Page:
An Inconvenient Sequel: Truth To Power


Reviewed by: Amber Wilkinson

An Inconvenient Sequel - A decade after An Inconvenient Sequel brought climate change into the heart of popular culture comes the riveting follow up that shows both the escalation of the crisis and how close we are to a real solution.
"This documentary feels confined by constraints that should have been stripped away in the filming process." | Photo: Courtesy of Sundance Film Festival

When it comes to boundless energy resources, former US vice-president Al Gore seems to have cracked the secret, with his megawatt charm and way of attracting people of all political stripes into his orbit. Back in 2006, his climate change documentary An Inconvenient Truth broke out of the festival circuit to genuinely make an impact on the debate, and he is still as passionate, if not more so, about humans' impact on our environment.

For the purposes of this documentary follow-up by co-directors Bonni Cohen and Jon Shenk it's just as well, because they rely heavily on Gore and, in particular, on the multimedia presentations he gives to fledgling environmentalists.

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Like its predecessor, there are plenty of facts and figures that are alarming - such as the continued rise in sea levels and 'epic' weather events, including Gore notes with no satisfaction, the flooding of New York's Ground Zero hypothesised in the previous film and much scorned at the time by deniers. There are also quite a few chinks of light, such as the exponential take up of solar power in some developing countries. Sadly, Cohen and Shenk do almost nothing to expand this data into the cinematic realm. In the same way that fiction films adapted from plays can feel trapped by their source material, so this documentary feels confined by constraints that should have been stripped away in the filming process.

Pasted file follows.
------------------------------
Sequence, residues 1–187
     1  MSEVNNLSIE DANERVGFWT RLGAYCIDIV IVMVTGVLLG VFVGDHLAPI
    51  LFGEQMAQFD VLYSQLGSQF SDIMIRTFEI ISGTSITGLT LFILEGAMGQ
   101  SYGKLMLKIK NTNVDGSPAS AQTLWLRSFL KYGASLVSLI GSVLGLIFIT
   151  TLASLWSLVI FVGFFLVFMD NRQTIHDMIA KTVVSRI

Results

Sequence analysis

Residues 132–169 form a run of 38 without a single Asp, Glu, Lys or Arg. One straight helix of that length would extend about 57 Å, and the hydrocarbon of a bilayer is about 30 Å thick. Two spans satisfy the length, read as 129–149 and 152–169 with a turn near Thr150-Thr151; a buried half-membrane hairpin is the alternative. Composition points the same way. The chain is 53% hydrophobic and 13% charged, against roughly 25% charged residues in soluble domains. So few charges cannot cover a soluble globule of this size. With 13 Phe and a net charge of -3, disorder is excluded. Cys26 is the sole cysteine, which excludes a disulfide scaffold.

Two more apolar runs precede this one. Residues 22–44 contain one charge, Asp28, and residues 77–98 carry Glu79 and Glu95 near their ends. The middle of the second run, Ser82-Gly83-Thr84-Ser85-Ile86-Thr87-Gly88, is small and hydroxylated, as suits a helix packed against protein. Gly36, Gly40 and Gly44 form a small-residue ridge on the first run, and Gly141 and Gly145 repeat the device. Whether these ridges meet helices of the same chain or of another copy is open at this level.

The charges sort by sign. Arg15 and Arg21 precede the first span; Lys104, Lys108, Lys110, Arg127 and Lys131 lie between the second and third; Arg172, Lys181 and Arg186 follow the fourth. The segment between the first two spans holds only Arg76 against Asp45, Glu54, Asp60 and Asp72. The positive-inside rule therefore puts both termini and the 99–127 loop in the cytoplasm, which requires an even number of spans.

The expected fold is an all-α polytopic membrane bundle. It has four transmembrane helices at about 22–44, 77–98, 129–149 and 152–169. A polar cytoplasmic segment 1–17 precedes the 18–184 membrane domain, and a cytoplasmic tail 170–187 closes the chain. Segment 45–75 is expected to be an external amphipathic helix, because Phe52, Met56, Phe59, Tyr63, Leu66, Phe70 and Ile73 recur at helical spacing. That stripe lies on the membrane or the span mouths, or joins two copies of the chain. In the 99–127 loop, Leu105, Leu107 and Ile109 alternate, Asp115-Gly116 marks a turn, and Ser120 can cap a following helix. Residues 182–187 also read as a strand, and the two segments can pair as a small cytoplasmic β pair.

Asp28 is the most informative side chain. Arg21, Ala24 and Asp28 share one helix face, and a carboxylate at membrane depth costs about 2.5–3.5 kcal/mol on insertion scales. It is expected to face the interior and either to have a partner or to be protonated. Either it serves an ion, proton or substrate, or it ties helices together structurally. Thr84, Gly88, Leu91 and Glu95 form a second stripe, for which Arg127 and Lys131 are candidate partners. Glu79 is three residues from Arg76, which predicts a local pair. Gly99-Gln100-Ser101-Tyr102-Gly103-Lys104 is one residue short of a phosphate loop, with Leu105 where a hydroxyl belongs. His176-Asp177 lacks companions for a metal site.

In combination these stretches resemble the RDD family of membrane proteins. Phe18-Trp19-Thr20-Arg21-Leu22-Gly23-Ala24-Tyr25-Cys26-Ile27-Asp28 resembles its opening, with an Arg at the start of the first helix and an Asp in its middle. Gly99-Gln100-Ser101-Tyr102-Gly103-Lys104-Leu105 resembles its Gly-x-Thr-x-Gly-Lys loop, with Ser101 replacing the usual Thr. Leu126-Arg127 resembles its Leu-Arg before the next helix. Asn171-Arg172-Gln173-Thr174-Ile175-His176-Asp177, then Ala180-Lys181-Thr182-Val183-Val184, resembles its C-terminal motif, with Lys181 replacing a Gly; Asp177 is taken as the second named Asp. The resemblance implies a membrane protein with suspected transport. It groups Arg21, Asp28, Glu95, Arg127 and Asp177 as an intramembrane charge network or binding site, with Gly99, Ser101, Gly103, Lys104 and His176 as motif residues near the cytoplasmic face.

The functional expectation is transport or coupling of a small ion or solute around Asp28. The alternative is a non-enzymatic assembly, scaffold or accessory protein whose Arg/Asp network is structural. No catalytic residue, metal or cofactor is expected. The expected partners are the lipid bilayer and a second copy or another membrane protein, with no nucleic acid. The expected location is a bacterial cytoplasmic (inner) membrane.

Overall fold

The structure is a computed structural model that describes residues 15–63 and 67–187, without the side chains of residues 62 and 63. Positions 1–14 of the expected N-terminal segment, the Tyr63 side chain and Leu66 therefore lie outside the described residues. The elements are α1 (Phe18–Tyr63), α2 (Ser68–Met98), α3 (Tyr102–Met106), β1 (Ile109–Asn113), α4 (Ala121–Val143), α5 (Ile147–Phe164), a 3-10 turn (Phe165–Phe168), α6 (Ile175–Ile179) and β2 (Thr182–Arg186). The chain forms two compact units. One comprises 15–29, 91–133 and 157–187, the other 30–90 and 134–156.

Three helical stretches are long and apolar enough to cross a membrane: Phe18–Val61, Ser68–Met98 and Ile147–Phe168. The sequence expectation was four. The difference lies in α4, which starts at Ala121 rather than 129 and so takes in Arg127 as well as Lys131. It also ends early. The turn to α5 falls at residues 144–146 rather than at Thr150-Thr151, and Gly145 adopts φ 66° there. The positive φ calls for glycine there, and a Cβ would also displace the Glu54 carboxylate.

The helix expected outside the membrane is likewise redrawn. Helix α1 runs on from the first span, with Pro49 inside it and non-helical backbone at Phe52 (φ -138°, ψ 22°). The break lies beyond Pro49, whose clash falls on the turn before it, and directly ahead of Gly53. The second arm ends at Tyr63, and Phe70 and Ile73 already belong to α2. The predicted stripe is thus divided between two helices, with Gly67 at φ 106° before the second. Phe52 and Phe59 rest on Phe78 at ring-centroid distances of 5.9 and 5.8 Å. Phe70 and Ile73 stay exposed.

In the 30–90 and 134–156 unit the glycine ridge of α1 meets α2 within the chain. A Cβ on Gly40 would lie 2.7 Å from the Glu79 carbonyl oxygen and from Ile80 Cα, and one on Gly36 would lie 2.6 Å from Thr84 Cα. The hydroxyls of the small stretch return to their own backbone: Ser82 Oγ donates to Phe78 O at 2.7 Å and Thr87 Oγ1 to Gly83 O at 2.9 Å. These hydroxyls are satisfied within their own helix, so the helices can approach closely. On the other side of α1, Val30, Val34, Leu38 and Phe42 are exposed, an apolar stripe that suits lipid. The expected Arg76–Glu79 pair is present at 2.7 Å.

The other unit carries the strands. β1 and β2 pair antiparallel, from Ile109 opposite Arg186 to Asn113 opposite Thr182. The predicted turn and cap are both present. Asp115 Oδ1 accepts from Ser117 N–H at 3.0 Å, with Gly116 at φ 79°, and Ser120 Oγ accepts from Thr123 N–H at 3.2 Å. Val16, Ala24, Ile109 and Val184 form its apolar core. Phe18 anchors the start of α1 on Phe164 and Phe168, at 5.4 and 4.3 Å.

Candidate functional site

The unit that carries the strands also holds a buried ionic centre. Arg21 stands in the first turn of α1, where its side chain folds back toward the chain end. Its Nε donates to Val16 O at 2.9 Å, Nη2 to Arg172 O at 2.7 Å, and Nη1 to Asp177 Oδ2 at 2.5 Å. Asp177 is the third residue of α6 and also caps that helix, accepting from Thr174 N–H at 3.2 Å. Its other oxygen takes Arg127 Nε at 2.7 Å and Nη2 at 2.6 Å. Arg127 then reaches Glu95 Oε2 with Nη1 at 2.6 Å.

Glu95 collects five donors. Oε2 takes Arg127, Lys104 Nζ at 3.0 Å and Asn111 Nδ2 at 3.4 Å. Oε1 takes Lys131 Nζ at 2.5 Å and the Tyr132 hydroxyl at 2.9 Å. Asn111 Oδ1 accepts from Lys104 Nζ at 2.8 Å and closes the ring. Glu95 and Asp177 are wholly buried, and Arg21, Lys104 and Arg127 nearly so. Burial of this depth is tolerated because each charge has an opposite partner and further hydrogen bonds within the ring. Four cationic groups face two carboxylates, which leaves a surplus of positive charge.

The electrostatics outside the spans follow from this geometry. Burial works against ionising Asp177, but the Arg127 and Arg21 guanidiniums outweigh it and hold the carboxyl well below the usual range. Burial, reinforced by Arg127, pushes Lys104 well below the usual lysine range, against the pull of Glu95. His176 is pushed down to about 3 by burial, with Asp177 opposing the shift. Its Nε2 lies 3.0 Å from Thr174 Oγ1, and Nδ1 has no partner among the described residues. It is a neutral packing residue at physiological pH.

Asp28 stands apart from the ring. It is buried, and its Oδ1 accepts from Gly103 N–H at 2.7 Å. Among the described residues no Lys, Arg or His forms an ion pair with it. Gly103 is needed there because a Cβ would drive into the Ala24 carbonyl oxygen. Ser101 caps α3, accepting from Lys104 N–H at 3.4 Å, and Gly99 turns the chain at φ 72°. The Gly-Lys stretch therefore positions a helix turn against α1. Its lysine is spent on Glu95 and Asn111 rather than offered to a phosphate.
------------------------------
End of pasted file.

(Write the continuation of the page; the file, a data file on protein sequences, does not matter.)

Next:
Despite this, Gore and his arguments remain compelling - with his assertions moving beyond straight forward impacts on climate to consider how major events, such as a lasting drought in Syria, began the refugee tide as people were forced from their land and could be argued to have fanned the flames of unrest, although to his credit, Gore is careful not to forget that that country's issues are particularly complex and involve multiple triggers. His tirelessness in the run up to the Paris United Nations climate change conference in 2015 is particularly inspiring - even though his personal impact is surely overplayed, not unlike the number of 'reaction' shots used when he is giving his presentations, as faces light up in the face of The Man.

The film is strongest away from Gore's core presentation, when we see the charmer at work, bolstering positivity with a mix of easygoing persistence and self-deprecating humour or genuinely soul searching about the things he has not yet managed to achieve. His subtle and steady approach is in stark contrast to the normally reliable Jeff Beal's overly bombastic score, which crashes in the background unnecessarily given that the evidence speaks for itself - perhaps he felt the lack of dynamism in the direction too and tried to go the extra mile.

Despite its cinematic failings, the film remains an important reminder that even with the breakthrough in Paris, we have by no means 'won' the battle of climate change. And, with its bang up-to-date inclusion of president Donald Trump's climate change skepticism and pledges to fossil fuel businesses, it's a timely reminder that we can take a step backwards just as easily as we can move forwards.

Reviewed on: 20 Jan 2017
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Al Gore continues his crusade to stop climate change.
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Director: Bonni Cohen, Jon Shenk

Starring: Al Gore

Year: 2017

Runtime: 100 minutes

Country: US

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